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About post-trade deadline trades

Aug 1, 2011, 9:15 AM EST

Manny Ramirez, new team member of the Chicago White Sox, looks on during batting practice prior to the White Sox MLB American League baseball game against the Cleveland Indians in Cleveland Reuters

While we talk about July 31st as the “trade deadline,” it really isn’t a deadline. Or at least a hard one.  You can still trade guys in August.  It’s just that (a) any trade after the July deadline is a little trickier; and (b) if you trade a guy after August 31st, he can’t be on the playoff roster of his new team.

Trades that occur now have to involve players who have gone through waivers.  The waiver process is a bit confusing, but the upshot is this:

  • To trade a player, the team places him on waivers;
  • Once on waivers, other teams can claim him.
  • If a player is claimed, his current team can either (a) pull him back and keep him, as these are “revocable waivers;” (b) let him go to the claiming team for nothing, with the claiming team assuming his contract; or (c) negotiate a trade with the claiming team, with the understanding being that, hey, if they can’t work anything out, his current team will take him back.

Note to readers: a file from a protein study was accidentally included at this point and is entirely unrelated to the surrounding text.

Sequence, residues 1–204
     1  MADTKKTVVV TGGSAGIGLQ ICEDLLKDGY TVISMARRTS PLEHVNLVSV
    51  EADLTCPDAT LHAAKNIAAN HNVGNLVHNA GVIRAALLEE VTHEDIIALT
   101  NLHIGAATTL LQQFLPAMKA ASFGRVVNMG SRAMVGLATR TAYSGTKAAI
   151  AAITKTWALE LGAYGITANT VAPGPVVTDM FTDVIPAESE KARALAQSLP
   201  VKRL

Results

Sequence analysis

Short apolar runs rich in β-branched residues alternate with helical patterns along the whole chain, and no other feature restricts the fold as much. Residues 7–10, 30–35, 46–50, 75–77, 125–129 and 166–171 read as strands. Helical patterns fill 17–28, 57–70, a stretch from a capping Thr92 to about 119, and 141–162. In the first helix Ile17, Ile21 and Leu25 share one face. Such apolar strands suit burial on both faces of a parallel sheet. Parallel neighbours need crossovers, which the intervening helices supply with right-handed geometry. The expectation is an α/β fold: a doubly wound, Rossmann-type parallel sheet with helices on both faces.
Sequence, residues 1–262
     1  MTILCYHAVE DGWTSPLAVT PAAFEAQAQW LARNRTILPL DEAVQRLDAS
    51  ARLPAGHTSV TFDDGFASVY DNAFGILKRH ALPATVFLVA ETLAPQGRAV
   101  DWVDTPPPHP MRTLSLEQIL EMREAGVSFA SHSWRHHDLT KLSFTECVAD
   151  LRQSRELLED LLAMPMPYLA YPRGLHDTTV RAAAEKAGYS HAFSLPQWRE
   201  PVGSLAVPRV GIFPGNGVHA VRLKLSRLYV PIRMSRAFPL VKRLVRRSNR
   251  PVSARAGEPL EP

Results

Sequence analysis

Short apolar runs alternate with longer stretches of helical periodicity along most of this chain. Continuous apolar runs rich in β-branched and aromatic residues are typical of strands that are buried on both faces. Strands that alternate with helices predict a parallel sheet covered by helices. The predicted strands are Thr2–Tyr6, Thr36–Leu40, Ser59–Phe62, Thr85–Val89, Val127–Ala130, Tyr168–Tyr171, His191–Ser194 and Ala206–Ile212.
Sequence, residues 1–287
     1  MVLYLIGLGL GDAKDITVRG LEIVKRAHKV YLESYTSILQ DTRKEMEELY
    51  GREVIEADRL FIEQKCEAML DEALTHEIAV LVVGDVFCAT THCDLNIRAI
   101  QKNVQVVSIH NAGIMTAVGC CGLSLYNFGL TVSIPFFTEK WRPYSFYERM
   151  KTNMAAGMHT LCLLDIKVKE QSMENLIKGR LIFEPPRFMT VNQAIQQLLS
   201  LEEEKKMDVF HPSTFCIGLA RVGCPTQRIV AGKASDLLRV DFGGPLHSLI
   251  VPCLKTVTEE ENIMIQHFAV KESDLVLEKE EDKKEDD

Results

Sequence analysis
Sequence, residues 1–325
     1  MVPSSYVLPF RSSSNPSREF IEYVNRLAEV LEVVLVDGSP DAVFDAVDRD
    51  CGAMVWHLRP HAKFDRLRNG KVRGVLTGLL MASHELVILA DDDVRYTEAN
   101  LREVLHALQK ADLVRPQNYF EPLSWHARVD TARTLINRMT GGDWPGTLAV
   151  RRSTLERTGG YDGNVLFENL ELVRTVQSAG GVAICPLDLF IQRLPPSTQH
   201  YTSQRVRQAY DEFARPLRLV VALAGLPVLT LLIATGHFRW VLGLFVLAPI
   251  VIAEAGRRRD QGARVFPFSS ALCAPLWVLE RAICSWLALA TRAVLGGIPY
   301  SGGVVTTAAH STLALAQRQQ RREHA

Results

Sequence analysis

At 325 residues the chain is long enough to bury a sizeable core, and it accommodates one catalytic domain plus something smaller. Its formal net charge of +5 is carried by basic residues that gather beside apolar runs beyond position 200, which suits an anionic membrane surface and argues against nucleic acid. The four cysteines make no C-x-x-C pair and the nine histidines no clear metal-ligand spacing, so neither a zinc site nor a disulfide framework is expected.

• There is a priority to waiver claims. Teams in the same league as the player’s current team get first dibs, with the order being determined by who has the worst record. For example, if the Yankees put Alex Rodriguez on waivers, and both the Red Sox and the Mariners put a claim on him, the Mariners get dibs.  After the current league, priority then goes into the other league.
  • If the guys is unclaimed by every team — i.e. he “clears waivers — he can be traded to anyone, just like it was before July 31st.
  • If a guy is put on waivers and revoked, and then he is put on waivers again, that second time he is on irrevocable waivers, meaning his current team can’t pull him back.

The key thing to remember here is that if you read a report that so-and-so is on waivers, don’t think too much of it because a huge number of players are placed on waivers. We rarely know who is and who isn’t. Even the players themselves don’t know.

Often it’s expensive players on waivers, with the guy’s current team hoping that someone else will take on his salary. Super expensive guys usually clear waivers and can be dealt in August. Sometimes, however, they’re claimed and trades are worked out. See, for example, Manny Ramirez’s late-career trades.

So that’s that.

  1. proudlycanadian - Aug 1, 2011 at 9:25 AM

    When the Jays put Rios on waivers, they were glad that the White Sox took his salary off their hands. Several years ago the Jays had a washed up closer on their team (I think it was Myers) and placed him on waivers. An other team ( possibly San Diego) thought that the Jays were trying to waive him so that he could be trade to their divisional rival, consequently they put in a claim in order to block the suspected trade. The Jays said thank you very much and were quite pleased to get that salary off their books. Sometimes it does not pay to make a waiver claim in August as you might be left holding a bag of poo.

    • browngoat25 - Aug 1, 2011 at 9:35 AM

      Thanks – I was wondering about this (see below)

    • phillyphever - Aug 1, 2011 at 9:35 AM

      Other times it does, especially with SF and one Cody %@#$ Ross last year.